If your betta fish tank has a build-up of waste materials due to infrequent cleaning, irregular water changes, overfeeding, etc. it makes the perfect conditions for brown algae to grow excessively. So it is important that you avoid such occurrences.
Excessive silicates present in water lead to the growth of brown algae. Silicates and salicylic acid can be present in your tank due to them leaching out of certain decorations and fake plants present in your tank. Or the tap water in your area may contain it. It is important to monitor the silicate level in your tank to avoid brown algae from blooming excessively.
In case your betta fish tank is improperly aerated it can lead to a carbon dioxide (CO2) buildup. Brown algae thrive in a carbon dioxide-rich environment since they take it up and release oxygen. To avoid brown algae from growing in your betta tank it is important for your tank to be properly aerated.
Removing Brown and Green Algae from your Betta Fish Tank
You can remove algae from your betta fish tank in several ways. Some of which include:
- Cleaning your Tank Manually: You can remove and scrape off the algae present in your tank by hand. They tend to come off fairly easily. But to fully remove them from your tank is it important to get them out of all the nooks and crevices. For this, you might want to remove your decorations and fake plants from the tank and wash them using hot water and bleach. This will kill and remove any algae present there. Bleach is to be avoided on any live decorations and plants, instead simply thoroughly clean them using water.
- Cleaning the Sand: To clean the sand present at the bottom of your tank you can use a fine sieve or a fish net. You pass the sand through it and any algae or other contaminants present in it are left behind.
- Cleaning the Gravel: The gravel present at the base of your betta fish tank is also to be cleaned thoroughly. The go-to way to do this is by vacuuming. When you vacuum the gravel any brown or green algae present are sucked up leaving your tank clean.
- UV sterilizer: An ultraviolet light sterilizer might be a good addition to your tank since it is designed to kill bacteria and algae present in your tank while it does not harm anything else like your betta fish, live plants, or any other fish.
- Algae Eater Fish: There is much fish that eat the algae that grow in your tank. Instead of cleaning out the algae, you might want to introduce them to your betta fish tank instead. Some of these that are friendly towards betta fish too, include twig catfish, nerite snail, cherry shrimp, plecos catfish, etc.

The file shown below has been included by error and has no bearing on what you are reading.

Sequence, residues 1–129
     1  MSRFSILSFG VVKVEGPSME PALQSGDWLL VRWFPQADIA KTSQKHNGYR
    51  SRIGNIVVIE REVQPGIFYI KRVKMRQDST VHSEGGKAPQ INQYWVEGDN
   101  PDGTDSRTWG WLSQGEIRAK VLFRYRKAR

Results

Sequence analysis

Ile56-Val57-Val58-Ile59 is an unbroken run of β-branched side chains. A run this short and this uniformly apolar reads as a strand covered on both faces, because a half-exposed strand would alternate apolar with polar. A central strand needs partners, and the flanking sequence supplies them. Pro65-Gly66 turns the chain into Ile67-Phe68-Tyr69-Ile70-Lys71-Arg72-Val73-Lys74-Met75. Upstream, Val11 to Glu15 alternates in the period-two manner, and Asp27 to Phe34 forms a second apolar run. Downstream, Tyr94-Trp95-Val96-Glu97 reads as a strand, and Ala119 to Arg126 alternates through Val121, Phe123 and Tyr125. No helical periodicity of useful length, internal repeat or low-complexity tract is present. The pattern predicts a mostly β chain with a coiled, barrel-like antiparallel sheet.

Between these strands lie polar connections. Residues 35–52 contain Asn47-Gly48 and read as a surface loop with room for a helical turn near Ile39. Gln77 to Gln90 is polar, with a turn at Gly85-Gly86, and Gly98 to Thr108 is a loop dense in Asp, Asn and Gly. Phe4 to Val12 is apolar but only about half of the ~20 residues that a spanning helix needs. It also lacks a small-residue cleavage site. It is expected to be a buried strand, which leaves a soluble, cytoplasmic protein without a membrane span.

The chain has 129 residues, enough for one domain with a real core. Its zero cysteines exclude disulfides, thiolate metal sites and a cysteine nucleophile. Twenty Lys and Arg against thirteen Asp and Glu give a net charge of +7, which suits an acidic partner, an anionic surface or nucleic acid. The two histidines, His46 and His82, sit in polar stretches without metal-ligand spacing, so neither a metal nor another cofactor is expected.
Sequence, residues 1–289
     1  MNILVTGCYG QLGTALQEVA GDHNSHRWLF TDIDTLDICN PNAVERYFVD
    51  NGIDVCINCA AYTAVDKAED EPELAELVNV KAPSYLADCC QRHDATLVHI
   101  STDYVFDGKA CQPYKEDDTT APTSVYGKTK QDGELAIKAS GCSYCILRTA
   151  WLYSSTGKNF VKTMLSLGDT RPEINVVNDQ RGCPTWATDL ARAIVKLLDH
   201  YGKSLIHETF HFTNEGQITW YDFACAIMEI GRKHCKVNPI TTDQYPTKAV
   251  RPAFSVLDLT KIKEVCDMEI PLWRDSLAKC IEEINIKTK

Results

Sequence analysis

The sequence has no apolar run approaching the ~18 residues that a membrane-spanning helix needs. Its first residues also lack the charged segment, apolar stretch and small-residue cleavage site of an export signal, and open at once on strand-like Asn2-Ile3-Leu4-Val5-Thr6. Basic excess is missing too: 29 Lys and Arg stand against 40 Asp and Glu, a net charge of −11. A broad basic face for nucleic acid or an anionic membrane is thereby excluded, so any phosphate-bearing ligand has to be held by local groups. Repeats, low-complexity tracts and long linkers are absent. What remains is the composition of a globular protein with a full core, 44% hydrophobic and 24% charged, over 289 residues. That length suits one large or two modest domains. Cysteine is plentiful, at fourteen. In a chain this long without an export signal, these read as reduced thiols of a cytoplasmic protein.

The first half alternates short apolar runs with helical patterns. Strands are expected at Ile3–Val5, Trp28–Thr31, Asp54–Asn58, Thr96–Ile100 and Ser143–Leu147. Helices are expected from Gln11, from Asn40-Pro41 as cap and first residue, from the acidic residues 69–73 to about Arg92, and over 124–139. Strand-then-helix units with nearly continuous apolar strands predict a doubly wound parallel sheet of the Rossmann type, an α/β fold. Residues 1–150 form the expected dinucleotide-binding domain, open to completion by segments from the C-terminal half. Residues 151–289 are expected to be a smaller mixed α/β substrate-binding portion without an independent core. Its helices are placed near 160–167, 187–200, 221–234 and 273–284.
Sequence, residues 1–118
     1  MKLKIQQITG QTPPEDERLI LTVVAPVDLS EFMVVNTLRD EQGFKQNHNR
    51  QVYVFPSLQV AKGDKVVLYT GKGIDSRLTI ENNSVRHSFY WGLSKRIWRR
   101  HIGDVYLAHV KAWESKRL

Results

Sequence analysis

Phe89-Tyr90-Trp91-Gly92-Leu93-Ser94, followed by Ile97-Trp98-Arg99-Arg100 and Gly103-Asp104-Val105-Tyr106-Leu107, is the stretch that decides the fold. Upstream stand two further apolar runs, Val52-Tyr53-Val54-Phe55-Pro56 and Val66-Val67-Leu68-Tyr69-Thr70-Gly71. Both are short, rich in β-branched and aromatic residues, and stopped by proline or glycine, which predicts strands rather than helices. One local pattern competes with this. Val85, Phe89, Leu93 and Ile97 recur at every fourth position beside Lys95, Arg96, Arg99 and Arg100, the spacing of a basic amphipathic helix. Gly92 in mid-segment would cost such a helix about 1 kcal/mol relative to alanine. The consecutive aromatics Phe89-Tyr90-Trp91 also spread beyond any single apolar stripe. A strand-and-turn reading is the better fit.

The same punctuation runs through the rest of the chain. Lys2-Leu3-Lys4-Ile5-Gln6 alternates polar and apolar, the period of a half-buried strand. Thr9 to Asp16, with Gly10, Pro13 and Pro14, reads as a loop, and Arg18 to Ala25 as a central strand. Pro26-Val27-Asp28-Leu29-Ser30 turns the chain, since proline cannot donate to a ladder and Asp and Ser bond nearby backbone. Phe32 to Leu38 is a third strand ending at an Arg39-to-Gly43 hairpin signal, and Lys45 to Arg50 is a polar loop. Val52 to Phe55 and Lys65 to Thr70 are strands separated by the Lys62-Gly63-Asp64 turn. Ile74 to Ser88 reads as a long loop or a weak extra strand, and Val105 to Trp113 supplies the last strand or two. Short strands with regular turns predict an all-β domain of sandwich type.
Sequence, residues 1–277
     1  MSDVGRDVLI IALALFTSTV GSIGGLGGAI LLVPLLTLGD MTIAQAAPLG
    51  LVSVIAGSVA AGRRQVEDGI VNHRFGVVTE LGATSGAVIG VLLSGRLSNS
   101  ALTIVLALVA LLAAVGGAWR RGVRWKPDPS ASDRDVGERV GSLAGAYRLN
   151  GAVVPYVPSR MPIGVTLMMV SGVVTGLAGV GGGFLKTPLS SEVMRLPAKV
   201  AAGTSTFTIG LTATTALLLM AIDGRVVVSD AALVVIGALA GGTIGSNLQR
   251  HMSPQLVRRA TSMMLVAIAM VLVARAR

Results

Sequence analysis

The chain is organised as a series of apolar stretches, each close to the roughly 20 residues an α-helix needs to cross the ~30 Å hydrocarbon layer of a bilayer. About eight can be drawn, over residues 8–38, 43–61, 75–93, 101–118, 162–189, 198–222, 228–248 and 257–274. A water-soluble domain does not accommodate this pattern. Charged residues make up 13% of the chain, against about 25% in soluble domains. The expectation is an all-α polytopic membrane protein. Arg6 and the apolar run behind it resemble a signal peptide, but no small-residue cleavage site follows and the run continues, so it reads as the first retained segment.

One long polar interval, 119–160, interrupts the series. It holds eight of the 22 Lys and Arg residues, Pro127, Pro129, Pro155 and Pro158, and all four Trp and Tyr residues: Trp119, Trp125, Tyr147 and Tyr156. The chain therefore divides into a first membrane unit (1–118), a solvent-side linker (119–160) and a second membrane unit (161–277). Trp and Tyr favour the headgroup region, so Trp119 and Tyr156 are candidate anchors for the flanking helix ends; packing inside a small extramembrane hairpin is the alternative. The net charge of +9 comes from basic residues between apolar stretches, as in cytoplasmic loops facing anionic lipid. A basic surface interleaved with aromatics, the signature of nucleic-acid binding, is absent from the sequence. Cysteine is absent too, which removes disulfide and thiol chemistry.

- Algaecides and other Chemicals: Algaecides are a form of pesticide that kill algae. If nothing works for you, you can add these to your betta fish tank but this should only be when you have exhausted all other options and nothing else seems to be working. Since they tend to harm the live plants in your tank. Other chemicals are seemingly discouraged but can be used as a last resort. NO3:PO4-X is a similar chemical that helps beneficial bacteria grow which kills off the algae.
- Filters: Filters exist which can remove phosphates and silicates from your betta fish tank water. They can be installed in your tank. And since brown and green algae require these to grow, their absence will be a great setback to their development.
Preventing the Growth of Brown and Green Algae in your Betta Fish Tank
To prevent the growth of brown and green algae in your betta fish tank the following measures should be adopted:
- Do not overfeed your betta fish
- Do not overcrowd your betta fish tank
- Use algae eaters as your betta fish tank mated
- Regularly change the water in your tank
- Monitor the water conditions
- Do not let the waste material build-up
- Do not let excessive phosphates be present in your betta fish tank
- Do not let excessive silicates and salicylic acid be present in your betta fish tank
- Make sure the lighting of your betta fish tank is proper. Not too much, not too little.
- Avoid keeping your betta fish tank in direct sunlight.
- Avoid decorations that contain silica.
- Clean your tank frequently
- Make sure your betta fish tank has appropriate filters
- Keep the water moving by using aerators
- Make sure your tank has appropriate dissolved oxygen levels and there is no excessive carbon dioxide buildup
- Add a UV sterilizer to your betta fish tank
- Vacuum the gravel in your tank regularly
- Filter and sieve the sand present at the bottom of your betta fish tank
- Do not leave your tank unattended for extended periods of time
The Bottom Line On Green and Brown Algae In Betta Tanks
Algae in an appropriate amount contribute beneficially to your betta fish tank ecosystem. Taking up carbon dioxide and increasing the dissolved oxygen levels in the tank. In addition to this, it may also be eaten by your betta in some amounts and by your betta tank mates that are algae eaters. So there is no reason to worry about algae being present in your tanks in small amounts. But in larger amounts, they indicate inadequate tank conditions and may prove to be harmful to any live plants growing in your tank since they take up too much of the nutrients present. An excess also looks unappealing to the eye. We have discussed in detail the various measures and practices you can adopt to avoid the presence of algae in your betta tank. We hope they work out for you. See you next time with another article helping you out in your betta-keeping journey. Until next time, happy fish keeping!